A Message from Dr. Goldstein: Thank You - 'Three Good Things' about your contributions to UNC Medical Center

It’s been a busy year, and since we celebrate National Hospital Week every May, Dr. Brian Goldstein, Executive Vice President and Chief Operating Officer at UNC Hospitals, would like to thank you and recognize you for a job well done. UNC Medical Center is a dynamic, complex, and diverse place, and without each of you, we wouldn’t be able to provide excellent care to our patients, families and colleagues, educate future physicians, and provide groundbreaking research that betters the lives of the citizens of North Carolina and beyond. To celebrate your accomplishments, please read/share this list of “Three Good Things” about you and your work at UNC Medical Center.

Inpatient Units - Three Good Things from our Patients

We continue to be a leader in patient satisfaction among academic medical centers around the country. Our excellent inpatient satisfaction scores reflect the overall service we provide our patients – from the care of our physicians, nurses, and other healthcare personnel to the excellent hospitality of Nutrition & Food Services and Environmental Services. Read/share these Three Good Things our inpatients recently said about their experiences:

  • Admission
    • "My experience was over the top starting in the emergency room. The woman who admitted me was especially good -- friendly, setting me at ease, and sensitive to my concerns or questions."
  • Room
    • "Great experience. EVS did a great job with cleaning the room before we came. It smelled great in the bathroom. I could practically eat off floors. Great job EVS. I had both a private and semi-private room and both were very clean."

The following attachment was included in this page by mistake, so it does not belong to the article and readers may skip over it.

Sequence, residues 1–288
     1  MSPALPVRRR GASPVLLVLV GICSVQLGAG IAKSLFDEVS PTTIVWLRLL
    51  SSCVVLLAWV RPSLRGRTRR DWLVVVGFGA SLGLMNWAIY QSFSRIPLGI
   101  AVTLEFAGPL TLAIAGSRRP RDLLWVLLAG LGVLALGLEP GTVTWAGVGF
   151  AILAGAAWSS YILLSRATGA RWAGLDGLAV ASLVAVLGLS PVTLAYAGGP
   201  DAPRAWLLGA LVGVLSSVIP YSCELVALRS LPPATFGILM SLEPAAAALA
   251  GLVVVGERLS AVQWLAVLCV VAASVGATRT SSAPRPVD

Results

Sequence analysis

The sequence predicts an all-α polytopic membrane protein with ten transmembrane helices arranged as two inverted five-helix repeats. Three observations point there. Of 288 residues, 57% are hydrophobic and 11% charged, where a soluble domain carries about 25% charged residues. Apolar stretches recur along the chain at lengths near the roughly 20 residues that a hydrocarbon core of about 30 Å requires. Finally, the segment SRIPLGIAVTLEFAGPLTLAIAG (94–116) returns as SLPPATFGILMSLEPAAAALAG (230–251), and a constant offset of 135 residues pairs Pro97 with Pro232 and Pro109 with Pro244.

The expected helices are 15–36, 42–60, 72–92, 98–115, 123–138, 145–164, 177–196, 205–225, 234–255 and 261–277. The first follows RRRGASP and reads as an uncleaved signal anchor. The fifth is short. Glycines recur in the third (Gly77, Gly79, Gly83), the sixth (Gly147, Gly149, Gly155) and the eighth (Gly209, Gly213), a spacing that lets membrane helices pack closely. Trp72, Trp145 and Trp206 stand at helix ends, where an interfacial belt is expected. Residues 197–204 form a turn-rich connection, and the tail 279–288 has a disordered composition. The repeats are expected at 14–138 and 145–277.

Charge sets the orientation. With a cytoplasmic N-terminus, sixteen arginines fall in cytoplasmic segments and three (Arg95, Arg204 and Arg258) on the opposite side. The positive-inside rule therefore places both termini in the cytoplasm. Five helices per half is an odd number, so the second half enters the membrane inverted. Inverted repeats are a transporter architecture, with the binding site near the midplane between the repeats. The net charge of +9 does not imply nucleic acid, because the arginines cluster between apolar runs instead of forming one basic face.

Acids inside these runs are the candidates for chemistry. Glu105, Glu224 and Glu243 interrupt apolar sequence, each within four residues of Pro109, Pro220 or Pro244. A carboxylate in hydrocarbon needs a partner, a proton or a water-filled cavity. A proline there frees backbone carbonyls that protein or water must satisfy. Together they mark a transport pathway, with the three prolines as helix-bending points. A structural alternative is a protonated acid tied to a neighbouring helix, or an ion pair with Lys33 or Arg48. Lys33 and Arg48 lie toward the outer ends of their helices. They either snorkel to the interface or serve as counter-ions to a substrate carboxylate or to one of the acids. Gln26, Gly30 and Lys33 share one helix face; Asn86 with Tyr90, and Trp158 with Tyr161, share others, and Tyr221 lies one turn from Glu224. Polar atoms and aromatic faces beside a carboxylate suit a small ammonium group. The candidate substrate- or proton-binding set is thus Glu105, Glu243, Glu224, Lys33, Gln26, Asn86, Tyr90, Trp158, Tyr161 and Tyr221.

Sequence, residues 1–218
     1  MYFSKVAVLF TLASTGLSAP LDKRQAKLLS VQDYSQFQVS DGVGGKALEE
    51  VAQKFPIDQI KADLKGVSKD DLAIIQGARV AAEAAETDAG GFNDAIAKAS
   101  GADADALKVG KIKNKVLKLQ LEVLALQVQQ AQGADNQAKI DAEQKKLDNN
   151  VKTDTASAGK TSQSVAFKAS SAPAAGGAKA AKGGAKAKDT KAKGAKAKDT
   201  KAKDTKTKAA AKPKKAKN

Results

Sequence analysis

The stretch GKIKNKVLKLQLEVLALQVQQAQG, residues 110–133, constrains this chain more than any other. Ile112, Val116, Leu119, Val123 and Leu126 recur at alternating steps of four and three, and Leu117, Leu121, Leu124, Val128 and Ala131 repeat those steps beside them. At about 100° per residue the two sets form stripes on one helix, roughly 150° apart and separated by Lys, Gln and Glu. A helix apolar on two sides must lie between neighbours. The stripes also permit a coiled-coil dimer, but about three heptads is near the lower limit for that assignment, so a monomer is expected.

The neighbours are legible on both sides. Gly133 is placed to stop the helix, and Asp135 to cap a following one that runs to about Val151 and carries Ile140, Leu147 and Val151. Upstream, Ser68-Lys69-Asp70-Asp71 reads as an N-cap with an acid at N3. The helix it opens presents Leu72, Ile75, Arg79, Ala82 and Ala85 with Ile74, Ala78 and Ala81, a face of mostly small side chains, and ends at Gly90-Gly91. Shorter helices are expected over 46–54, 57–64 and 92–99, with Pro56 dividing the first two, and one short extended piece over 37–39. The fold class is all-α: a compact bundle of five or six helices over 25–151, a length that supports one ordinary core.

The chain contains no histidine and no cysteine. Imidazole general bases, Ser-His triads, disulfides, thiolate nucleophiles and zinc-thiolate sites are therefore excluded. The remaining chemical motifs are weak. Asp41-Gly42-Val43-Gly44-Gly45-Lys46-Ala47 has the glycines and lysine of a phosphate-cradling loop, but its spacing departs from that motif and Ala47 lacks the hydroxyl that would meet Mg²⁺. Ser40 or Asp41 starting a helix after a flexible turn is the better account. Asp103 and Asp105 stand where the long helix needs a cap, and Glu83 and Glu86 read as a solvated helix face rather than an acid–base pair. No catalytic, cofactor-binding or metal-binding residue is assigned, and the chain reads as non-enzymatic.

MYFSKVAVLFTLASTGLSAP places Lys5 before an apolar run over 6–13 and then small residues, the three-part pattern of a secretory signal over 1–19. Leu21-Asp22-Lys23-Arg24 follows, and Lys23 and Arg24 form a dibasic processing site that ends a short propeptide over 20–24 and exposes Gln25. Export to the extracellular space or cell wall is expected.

• Meals
    • "Outstanding food/meal program!! Everything ordered was exceptionally good. Better than most restaurants. The food servers were very nice and polite. The food was very good."

Ambulatory Clinics - Three Good Things from our PatientsThree Good Things - Patients

We continue to be a leader in patient satisfaction among academic medical centers around the country. Our excellent outpatient satisfaction scores reflect the overall service we provide our patients – from quality of care to smooth flow through the clinic visit to access. Read/share these Three Good Things our outpatients recently said about their experiences:

  • Access
    • On Dermatology: "All staff introduced themselves, were courteous, inquired about additional questions I might have, provided me with clinic phone numbers, reminded me of the opportunity to use MyUNCChart.org for questions and comments. I was instructed with words and roleplay on how to remove my stitches and care for my biopsy sites. The use of tactile and roleplay instruction was great since North Carolina has one of the highest illiteracy rates in the U.S. I was NOT INSULTED but PROUD of staff's use of this tool."
  • Care
    • On the Cancer Hospital:  "I have the highest level of respect for Dr. Lee. She individualizes my care and spends time explaining and discussing my current health needs. She recently reviewed test results and referred me to another specialist for additional care. I'm grateful for her thorough attention to my health issues. She's probably saved my life!"
  • Moving through your visit